Wolf signs Real ID law, expects new licenses in 2019

Michael Bryant
Philadelphia Inquirer

HARRISBURG – Gov. Wolf on Friday signed legislation that brings Pennsylvania into compliance with the 2005 Real ID law enacted following the Sept. 11 terror attacks.

That law requires driver’s licenses and ID cards to have security enhancements and to be issued to people who prove they are legally in the United States. That means Pennsylvania drivers or ID card holders will eventually have to obtain the more secure certificates to board commercial airliners or enter certain federal facilities.

Wolf signed the Pennsylvania Real ID Compliance Act at a ceremony at Harrisburg International Airport. The law, which takes effect in 90 days, allows PennDot to create an optional driver’s license or state ID that will match the Real ID requirements to access airports, military bases, federal courthouses and other facilities in 2018 and beyond.

The legislation, however, doesn’t require residents to obtain a driver’s license or ID that meets federal Real ID standards. People without Real ID will still be able to use a passport to board commercial airliners or enter certain federal facilities.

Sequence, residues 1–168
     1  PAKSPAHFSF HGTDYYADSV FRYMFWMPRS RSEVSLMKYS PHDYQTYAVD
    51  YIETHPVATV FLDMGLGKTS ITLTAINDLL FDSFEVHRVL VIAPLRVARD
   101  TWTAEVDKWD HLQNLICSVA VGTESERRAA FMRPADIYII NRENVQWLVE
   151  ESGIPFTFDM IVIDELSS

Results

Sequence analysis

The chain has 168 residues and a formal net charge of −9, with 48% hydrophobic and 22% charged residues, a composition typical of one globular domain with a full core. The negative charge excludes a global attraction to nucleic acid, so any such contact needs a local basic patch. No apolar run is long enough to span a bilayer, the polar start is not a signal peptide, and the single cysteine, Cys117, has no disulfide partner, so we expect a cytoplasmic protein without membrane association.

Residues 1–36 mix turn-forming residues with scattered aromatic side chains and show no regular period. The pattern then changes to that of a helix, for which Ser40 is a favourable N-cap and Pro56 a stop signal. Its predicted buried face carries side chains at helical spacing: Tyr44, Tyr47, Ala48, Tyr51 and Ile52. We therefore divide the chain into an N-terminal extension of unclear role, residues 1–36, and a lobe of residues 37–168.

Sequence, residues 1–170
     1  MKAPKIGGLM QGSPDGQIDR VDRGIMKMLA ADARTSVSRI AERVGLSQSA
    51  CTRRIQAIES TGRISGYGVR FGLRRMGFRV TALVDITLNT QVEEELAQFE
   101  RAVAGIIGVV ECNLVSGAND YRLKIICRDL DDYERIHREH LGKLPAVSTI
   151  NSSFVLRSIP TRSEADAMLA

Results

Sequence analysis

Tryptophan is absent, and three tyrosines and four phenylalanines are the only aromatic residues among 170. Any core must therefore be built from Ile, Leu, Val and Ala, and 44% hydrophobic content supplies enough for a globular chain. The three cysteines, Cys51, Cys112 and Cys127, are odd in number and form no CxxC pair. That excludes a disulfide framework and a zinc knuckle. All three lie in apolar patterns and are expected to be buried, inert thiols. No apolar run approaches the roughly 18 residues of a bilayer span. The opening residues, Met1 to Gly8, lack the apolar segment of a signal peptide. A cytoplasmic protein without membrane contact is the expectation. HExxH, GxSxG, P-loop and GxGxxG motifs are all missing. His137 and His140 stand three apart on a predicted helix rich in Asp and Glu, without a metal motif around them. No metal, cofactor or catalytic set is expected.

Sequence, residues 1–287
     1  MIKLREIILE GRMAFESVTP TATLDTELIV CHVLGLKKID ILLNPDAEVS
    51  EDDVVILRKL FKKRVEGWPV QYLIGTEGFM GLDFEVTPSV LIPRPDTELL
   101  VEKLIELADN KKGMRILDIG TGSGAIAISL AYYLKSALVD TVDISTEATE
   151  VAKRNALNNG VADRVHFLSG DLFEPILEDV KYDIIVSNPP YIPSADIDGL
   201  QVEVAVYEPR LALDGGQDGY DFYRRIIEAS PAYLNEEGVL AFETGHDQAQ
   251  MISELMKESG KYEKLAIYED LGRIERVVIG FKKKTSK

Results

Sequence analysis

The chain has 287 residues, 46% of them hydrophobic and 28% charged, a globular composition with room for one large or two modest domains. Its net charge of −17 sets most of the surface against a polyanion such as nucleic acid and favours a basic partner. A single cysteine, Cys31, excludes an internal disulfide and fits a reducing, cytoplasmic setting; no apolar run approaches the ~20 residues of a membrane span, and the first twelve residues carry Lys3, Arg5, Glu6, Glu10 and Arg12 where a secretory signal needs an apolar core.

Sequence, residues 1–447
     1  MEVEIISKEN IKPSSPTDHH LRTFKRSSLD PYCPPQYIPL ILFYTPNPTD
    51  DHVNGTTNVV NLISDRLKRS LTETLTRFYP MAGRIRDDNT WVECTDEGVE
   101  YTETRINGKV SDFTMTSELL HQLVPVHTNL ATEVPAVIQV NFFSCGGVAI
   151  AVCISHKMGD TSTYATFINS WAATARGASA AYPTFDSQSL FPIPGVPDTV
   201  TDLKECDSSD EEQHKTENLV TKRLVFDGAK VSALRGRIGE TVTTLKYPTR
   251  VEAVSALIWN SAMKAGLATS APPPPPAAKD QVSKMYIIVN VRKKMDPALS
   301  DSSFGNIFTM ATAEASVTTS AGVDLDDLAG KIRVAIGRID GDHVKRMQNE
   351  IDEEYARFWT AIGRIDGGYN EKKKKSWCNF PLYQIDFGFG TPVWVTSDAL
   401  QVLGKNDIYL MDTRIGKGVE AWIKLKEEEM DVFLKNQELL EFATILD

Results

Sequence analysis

Wolf’s office said Pennsylvania Real ID should be available in early 2019. In the meantime, existing state IDs or passports will work at airports and federal facilities.

PennDot does not have a cost estimate, but making the current driver’s license compliant will require a mark, or symbol, on the license as well as upgrades to back-office operations and systems, said PennDot spokesman Rich Fitzpatrick. The law also requires drivers to present documentation, such as a birth certificate and Social Security card, the first time they get an ID-compliant license.

The federal Real ID Act stemmed from a recommendation by the 9/11 Commission to help curb the use of fake identification by terrorists by setting minimum standards all states should follow when issuing ID cards such as driver’s licenses. Among the things the act required that licenses and IDs have are: full legal name; features that prevent tampering, counterfeiting, or duplication; and an RFID chip or machine readable technology that can be used to pull up biographical or biometric data.

Before Friday, Pennsylvania was the largest state that has not complied with the law, passed by Congress after the 2001 terror attacks.

Trump ‘evolving’ on climate action, pressured by Europeans